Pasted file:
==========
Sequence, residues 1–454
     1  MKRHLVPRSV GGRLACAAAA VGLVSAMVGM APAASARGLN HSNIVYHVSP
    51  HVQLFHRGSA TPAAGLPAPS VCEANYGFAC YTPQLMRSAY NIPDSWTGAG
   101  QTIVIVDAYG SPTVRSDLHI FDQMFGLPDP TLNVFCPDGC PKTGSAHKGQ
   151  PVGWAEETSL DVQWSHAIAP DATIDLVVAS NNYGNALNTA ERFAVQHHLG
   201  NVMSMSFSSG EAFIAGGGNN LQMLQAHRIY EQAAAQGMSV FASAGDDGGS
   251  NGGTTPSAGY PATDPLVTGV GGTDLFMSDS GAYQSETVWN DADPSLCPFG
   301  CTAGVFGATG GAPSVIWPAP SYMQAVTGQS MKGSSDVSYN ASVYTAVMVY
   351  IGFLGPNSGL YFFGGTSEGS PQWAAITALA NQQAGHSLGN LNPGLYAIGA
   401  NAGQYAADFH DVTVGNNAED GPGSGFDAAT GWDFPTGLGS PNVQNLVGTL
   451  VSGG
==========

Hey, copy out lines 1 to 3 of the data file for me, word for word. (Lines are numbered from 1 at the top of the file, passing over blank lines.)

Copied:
Sequence, residues 1–454
     1  MKRHLVPRSV GGRLACAAAA VGLVSAMVGM APAASARGLN HSNIVYHVSP
    51  HVQLFHRGSA TPAAGLPAPS VCEANYGFAC YTPQLMRSAY NIPDSWTGAG